As oil crashes through $35 a barrel in New York, some producers are already living with the reality of much lower prices.
A mix of Mexican crudes is already valued at less than $28, an 11-year low, according to data compiled by Bloomberg. Iraq is offering its heaviest variety of oil to buyers in Asia for about $25. In western Canada, some producers are selling for less than $22 a barrel.
“More than one-third of the global oil production is not economical at these prices,” Ehsan Ul-Haq, senior consultant at KBC Advanced Technologies Plc, said by e-mail. “Canadian oil producers could have difficulty in covering their operational costs.”
Oil has slumped to levels last seen in the global financial crisis in 2009 amid a global supply glut. While the prices of benchmarks West Texas Intermediate and Brent hover in the $30s, they represent a category of crude — light and low in sulfur — that is more highly valued because it’s easier to refine. Some producers of thicker, blacker and more sulfurous varieties have suffered heavier losses and are already living in the $20s.
A blend of Mexican crude has plunged 73 percent in 18 months to $27.74 on Dec. 11, its lowest level since 2004, according to data compiled by Bloomberg. Venezuela is experiencing similar lows. Western Canada Select, which is heavy and sulfurous, has slumped 75 percent to $21.37, the least in almost eight years. Other varieties including Ecuador’s Oriente, Saudi Arabia’s Arab Heavy and Iraq’s Basrah Heavy were selling below $30, the data show.
Bitumen — which technically isn’t crude but a heavy black viscous oil that constitutes the so-called tar sands along with clay, sand and water — is trading at around $13 a barrel, suffering a drop of more than 80 percent since June 2014.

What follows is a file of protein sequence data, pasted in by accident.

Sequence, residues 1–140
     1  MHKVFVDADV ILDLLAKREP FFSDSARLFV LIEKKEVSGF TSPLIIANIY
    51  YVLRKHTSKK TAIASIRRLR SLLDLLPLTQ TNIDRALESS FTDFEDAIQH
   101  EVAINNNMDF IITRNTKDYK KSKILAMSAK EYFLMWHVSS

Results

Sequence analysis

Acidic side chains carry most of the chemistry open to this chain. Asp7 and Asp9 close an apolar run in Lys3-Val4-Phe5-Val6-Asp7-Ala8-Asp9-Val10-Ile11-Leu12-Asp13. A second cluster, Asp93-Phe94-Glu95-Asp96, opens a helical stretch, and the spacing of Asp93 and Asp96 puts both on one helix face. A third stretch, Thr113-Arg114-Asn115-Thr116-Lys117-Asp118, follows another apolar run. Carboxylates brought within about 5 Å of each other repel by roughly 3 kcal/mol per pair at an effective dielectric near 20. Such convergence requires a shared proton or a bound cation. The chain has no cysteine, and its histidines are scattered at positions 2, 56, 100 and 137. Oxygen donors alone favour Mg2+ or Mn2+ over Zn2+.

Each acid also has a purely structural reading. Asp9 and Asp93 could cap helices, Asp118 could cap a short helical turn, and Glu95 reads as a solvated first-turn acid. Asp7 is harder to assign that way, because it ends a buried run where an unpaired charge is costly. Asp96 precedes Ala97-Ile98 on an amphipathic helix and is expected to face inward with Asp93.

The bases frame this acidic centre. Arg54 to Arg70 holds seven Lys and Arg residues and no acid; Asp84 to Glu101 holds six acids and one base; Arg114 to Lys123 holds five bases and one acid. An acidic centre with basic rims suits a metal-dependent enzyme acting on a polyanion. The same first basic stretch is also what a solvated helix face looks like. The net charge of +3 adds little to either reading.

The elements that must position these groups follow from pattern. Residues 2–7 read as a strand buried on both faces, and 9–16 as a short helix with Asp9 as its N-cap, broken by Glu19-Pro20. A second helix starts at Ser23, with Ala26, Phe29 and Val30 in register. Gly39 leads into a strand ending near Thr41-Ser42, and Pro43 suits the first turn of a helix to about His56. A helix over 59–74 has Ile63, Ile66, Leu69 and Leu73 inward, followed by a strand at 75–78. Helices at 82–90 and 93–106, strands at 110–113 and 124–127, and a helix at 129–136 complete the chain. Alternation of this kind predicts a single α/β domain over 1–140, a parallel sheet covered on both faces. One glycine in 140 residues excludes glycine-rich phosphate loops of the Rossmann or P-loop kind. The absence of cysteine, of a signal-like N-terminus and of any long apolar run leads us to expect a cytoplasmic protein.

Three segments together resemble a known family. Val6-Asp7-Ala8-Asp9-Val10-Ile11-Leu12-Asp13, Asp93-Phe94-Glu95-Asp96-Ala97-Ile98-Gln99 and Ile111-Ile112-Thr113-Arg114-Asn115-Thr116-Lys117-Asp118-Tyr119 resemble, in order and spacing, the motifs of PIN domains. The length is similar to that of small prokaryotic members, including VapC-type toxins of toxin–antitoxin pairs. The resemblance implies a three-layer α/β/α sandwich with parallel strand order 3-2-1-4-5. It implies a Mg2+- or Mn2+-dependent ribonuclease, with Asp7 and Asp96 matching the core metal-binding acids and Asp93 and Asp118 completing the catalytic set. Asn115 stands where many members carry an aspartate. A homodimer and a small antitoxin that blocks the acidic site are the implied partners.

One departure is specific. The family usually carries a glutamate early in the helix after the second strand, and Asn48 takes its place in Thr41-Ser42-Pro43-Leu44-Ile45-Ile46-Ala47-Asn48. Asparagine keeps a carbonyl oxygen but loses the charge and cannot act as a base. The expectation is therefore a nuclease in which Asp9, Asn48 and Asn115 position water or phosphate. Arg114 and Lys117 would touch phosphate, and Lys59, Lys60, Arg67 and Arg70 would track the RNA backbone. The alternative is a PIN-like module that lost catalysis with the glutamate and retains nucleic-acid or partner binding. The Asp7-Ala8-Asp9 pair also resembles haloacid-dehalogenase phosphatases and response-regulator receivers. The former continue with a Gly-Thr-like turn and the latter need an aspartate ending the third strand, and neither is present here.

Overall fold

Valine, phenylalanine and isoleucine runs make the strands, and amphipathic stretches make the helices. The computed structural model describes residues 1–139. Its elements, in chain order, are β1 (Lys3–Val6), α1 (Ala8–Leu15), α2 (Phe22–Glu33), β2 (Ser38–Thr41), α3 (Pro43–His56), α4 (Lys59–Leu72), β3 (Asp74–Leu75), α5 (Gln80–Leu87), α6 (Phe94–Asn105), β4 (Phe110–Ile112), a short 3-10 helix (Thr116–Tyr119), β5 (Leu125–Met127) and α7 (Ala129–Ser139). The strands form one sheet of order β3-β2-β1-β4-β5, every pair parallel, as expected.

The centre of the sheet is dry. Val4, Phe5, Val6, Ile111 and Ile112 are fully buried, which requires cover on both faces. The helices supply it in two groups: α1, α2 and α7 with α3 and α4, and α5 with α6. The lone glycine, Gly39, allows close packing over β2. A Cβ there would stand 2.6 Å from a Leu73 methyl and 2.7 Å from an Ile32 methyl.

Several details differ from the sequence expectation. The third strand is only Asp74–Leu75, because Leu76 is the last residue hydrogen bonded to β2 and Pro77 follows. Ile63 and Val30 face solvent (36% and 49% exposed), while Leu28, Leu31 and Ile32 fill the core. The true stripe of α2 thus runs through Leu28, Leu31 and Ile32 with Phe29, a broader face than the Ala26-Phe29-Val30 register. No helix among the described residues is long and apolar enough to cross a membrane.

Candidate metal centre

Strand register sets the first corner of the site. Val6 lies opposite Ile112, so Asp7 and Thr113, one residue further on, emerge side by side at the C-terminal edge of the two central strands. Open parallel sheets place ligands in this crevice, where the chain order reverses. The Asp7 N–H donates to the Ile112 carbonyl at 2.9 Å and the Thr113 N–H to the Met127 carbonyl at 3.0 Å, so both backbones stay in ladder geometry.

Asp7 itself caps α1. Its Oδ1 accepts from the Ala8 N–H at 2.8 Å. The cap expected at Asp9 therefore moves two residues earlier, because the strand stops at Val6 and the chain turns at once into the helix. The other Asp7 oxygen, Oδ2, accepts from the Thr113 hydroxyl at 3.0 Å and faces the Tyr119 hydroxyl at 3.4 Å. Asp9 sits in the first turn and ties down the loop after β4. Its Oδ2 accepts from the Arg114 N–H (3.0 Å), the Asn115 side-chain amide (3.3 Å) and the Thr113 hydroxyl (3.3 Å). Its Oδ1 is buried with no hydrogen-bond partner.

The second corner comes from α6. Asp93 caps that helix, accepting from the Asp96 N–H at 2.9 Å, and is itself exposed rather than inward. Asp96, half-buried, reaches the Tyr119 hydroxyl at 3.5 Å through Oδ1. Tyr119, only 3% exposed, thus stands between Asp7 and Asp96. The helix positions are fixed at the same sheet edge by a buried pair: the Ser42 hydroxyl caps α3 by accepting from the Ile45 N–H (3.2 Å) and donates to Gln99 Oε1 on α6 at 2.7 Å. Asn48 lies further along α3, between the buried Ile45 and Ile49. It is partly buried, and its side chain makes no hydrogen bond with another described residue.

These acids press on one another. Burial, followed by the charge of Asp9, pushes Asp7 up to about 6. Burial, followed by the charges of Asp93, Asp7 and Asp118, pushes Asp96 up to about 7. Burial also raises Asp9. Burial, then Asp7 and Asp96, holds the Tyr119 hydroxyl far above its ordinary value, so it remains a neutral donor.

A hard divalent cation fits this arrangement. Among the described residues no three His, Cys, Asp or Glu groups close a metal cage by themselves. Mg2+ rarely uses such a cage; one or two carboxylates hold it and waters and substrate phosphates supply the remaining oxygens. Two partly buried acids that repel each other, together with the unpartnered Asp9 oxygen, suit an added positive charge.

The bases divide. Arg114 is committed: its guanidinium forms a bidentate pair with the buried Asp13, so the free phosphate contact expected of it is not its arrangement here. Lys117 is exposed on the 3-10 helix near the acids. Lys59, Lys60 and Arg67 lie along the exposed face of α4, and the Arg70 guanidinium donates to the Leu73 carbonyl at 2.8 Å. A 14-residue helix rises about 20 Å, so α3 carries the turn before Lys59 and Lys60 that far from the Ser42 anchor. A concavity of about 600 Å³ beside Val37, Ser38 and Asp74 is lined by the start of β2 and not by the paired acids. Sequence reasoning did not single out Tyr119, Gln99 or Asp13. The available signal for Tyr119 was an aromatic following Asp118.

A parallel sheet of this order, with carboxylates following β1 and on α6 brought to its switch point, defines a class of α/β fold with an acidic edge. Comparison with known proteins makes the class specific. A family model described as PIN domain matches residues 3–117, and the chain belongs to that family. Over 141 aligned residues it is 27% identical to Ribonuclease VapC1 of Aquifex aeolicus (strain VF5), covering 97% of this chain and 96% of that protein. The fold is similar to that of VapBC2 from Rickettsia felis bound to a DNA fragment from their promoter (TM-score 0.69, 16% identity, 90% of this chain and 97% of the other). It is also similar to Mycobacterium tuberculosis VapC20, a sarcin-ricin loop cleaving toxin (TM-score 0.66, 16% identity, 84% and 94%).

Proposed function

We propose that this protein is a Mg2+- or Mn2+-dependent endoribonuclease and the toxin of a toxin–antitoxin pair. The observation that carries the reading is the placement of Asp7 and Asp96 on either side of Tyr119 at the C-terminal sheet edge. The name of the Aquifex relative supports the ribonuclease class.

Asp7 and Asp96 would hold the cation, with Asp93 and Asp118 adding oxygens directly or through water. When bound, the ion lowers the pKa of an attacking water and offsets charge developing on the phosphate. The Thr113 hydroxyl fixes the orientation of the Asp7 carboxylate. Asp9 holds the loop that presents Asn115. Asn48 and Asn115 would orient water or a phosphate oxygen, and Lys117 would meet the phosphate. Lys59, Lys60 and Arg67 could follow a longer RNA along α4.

Crudes of this type trade at a discount to lighter varieties because to process them “refiners have to invest in upgrading facilities such as coking plants, which are very expensive,” KBC’s Ul-Haq said.
“Most places in the world, a lot of the producers they don’t really get the Brent price, and they don’t get the WTI price,” Torbjoern Kjus, an analyst at DNB ASA in Oslo, said by phone. “It’s really a dramatic situation that really cannot continue for a very long time for many producers.”
Mexico’s government insulated itself from the oil slump after it managed to hedge 212 million barrels of planned exports for 2016, using options contracts to secure an average price of $49 a barrel. The nation’s 2015 oil hedge provided it with a bonus of $6.3 billion.
Not all oil producing nations are as well protected. OPEC member Venezuela’s national budget for next year assumes a price of $40 when its own crude is trading at just above $30. The nation’s dollar reserves have fallen by 32 percent this year to $14.6 billion.
Even oil prices from OPEC, which supplies about 40 percent of the world’s crude, are trading below the main two benchmarks. The daily price of 12 crudes produced by the Organization of Petroleum Exporting Countries stood at $33.76 a barrel on Monday, the lowest in seven years.
Ironically, those selling at the lowest prices have even more incentive to pump, potentially deepening the glut that’s weighing on prices.
“A lot of the producers might want to sell as much at current prices,” rather than a level that could be even lower in coming weeks, Abhishek Deshpande, an analyst at Natixis SA, said by e-mail.
That’s a distinct possibility, according to Trafigura Pte Ltd., the world’s third-biggest independent oil trader. “I don’t think we have reached the bottom of the cycle yet,” Christophe Salmon, chief financial officer at Trafigura, said in an interview on Monday.